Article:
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Evolutionary innovations and the organization of protein functions in genotype space


Ferrada, E; Wagner, A (2010). Evolutionary innovations and the organization of protein functions in genotype space. PLoS ONE, 5(11):e14172.

Abstract

The organization of protein structures in protein genotype space is well studied. The same does not hold for protein functions, whose organization is important to understand how novel protein functions can arise through blind evolutionary searches of sequence space. In systems other than proteins, two organizational features of genotype space facilitate phenotypic innovation. The first is that genotypes with the same phenotype form vast and connected genotype networks. The second is that different neighborhoods in this space contain different novel phenotypes. We here characterize the organization of enzymatic functions in protein genotype space, using a data set of more than 30,000 proteins with known structure and function. We show that different neighborhoods of genotype space contain proteins with very different functions. This property both facilitates evolutionary innovation through exploration of a genotype network, and it constrains the evolution of novel phenotypes. The phenotypic diversity of different neighborhoods is caused by the fact that some functions can be carried out by multiple structures. We show that the space of protein functions is not homogeneous, and different genotype neighborhoods tend to contain a different spectrum of functions, whose diversity increases with increasing distance of these neighborhoods in sequence space. Whether a protein with a given function can evolve specific new functions is thus determined by the protein's location in sequence space.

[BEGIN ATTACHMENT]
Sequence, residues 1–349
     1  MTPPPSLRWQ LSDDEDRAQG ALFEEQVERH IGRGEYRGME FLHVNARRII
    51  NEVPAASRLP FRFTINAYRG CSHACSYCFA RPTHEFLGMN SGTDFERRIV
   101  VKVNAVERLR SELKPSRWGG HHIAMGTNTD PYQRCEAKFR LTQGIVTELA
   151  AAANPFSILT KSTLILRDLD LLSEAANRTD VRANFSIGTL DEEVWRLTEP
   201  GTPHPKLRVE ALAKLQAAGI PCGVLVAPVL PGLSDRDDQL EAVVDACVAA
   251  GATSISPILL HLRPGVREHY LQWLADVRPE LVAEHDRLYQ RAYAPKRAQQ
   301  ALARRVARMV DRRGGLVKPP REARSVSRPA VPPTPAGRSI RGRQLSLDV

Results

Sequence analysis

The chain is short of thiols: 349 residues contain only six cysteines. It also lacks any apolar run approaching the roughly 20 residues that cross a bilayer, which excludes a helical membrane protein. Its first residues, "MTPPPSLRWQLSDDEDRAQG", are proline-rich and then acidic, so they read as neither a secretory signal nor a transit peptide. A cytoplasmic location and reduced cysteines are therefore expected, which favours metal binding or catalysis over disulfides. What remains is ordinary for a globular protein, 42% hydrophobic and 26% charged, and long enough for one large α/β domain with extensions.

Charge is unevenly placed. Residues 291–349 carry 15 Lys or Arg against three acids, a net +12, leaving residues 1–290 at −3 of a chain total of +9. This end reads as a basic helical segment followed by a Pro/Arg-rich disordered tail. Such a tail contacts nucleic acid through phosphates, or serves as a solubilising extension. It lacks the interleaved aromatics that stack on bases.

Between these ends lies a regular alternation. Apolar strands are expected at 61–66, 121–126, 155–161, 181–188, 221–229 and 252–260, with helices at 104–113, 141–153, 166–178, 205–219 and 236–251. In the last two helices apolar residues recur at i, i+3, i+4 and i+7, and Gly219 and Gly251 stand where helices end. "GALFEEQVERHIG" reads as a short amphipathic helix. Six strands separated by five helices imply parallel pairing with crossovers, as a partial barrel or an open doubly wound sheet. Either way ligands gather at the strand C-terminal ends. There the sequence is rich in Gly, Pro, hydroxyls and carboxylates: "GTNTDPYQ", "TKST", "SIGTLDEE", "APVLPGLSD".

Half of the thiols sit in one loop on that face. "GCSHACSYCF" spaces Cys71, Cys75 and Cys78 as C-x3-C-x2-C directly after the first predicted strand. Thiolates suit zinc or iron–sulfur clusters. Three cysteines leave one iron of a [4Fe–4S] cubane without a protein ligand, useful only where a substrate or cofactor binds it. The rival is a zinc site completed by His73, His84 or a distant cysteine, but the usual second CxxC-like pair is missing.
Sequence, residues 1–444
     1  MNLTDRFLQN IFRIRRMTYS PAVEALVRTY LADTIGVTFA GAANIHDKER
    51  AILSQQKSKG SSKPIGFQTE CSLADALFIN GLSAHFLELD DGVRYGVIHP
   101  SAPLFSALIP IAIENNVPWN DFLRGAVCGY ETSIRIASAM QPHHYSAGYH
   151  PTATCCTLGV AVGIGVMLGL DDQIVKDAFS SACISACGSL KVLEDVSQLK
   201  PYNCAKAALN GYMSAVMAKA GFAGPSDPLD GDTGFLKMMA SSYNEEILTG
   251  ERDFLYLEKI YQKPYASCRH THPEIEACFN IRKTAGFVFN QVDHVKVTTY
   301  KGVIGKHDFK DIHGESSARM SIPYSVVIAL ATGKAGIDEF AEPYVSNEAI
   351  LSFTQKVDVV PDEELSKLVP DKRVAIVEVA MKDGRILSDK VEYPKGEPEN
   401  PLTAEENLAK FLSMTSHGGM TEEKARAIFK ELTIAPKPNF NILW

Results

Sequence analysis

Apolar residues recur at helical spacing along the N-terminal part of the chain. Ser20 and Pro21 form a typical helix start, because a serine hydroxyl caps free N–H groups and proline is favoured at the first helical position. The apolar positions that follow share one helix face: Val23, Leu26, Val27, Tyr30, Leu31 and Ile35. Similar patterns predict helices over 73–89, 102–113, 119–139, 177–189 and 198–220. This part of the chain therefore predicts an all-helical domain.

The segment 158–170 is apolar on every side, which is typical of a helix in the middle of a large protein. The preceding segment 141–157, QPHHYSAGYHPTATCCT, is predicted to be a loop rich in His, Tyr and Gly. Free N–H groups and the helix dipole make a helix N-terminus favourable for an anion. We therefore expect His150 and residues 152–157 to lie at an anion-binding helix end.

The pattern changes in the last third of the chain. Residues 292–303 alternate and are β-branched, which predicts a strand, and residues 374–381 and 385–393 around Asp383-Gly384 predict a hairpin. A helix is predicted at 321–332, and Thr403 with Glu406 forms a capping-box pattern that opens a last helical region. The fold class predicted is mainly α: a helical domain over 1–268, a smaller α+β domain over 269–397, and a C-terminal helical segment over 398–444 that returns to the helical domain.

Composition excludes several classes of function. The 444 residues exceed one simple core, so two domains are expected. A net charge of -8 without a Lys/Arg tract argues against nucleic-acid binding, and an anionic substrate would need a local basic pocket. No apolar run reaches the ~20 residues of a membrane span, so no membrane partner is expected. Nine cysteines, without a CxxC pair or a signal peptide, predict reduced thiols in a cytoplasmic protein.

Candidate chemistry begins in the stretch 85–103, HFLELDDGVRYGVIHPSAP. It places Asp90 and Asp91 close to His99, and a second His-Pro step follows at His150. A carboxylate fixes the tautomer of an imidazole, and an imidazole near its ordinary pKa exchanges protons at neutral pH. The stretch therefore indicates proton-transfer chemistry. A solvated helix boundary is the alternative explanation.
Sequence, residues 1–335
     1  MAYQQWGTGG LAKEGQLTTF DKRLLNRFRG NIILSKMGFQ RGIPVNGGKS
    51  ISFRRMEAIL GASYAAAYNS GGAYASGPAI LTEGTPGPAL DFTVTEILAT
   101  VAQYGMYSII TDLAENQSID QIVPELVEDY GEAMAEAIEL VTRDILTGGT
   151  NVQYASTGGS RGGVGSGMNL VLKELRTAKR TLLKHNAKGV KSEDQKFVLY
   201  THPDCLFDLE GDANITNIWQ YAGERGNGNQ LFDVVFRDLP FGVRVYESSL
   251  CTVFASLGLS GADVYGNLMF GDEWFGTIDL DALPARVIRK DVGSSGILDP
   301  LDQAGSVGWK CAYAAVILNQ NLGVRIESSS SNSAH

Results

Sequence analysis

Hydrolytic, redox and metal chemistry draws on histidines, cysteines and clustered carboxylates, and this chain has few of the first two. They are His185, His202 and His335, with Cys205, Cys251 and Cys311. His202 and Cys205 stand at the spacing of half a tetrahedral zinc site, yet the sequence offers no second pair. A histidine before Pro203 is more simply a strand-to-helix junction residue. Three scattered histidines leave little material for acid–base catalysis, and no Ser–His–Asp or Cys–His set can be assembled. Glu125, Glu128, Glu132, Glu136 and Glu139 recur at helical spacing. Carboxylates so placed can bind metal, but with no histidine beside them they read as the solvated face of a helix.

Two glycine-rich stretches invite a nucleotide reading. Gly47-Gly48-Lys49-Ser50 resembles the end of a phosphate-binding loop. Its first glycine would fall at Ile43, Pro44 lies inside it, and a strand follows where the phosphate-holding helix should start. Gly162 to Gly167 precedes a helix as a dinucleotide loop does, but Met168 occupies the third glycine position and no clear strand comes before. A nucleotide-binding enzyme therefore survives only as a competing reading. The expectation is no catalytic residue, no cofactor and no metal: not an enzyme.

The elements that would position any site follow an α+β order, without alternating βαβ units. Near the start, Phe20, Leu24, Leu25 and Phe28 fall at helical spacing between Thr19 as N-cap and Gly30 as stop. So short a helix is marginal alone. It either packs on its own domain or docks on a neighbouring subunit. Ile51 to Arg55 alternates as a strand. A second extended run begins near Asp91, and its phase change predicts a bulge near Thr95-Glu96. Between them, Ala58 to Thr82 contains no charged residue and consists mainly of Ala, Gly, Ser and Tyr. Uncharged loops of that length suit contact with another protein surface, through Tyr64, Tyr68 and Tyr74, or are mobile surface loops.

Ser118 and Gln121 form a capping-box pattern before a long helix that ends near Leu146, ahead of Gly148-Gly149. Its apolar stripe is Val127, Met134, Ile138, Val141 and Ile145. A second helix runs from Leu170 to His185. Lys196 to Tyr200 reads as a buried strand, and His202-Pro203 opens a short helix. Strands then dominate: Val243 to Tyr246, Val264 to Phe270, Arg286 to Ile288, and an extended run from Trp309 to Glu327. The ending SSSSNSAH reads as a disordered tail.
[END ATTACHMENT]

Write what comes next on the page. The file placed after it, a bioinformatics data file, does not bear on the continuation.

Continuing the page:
Abstract

The organization of protein structures in protein genotype space is well studied. The same does not hold for protein functions, whose organization is important to understand how novel protein functions can arise through blind evolutionary searches of sequence space. In systems other than proteins, two organizational features of genotype space facilitate phenotypic innovation. The first is that genotypes with the same phenotype form vast and connected genotype networks. The second is that different neighborhoods in this space contain different novel phenotypes. We here characterize the organization of enzymatic functions in protein genotype space, using a data set of more than 30,000 proteins with known structure and function. We show that different neighborhoods of genotype space contain proteins with very different functions. This property both facilitates evolutionary innovation through exploration of a genotype network, and it constrains the evolution of novel phenotypes. The phenotypic diversity of different neighborhoods is caused by the fact that some functions can be carried out by multiple structures. We show that the space of protein functions is not homogeneous, and different genotype neighborhoods tend to contain a different spectrum of functions, whose diversity increases with increasing distance of these neighborhoods in sequence space. Whether a protein with a given function can evolve specific new functions is thus determined by the protein's location in sequence space.

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Additional indexing

Item Type:Journal Article, refereed, original work
Communities & Collections:07 Faculty of Science > Institute of Evolutionary Biology and Environmental Studies
Dewey Decimal Classification:570 Life sciences; biology
590 Animals (Zoology)
Language:English
Date:November 2010
Deposited On:03 Mar 2012 21:45
Last Modified:07 Dec 2017 12:56
Publisher:Public Library of Science (PLoS)
ISSN:1932-6203
Free access at:PubMed ID. An embargo period may apply.
Publisher DOI:https://doi.org/10.1371/journal.pone.0014172
PubMed ID:21152394

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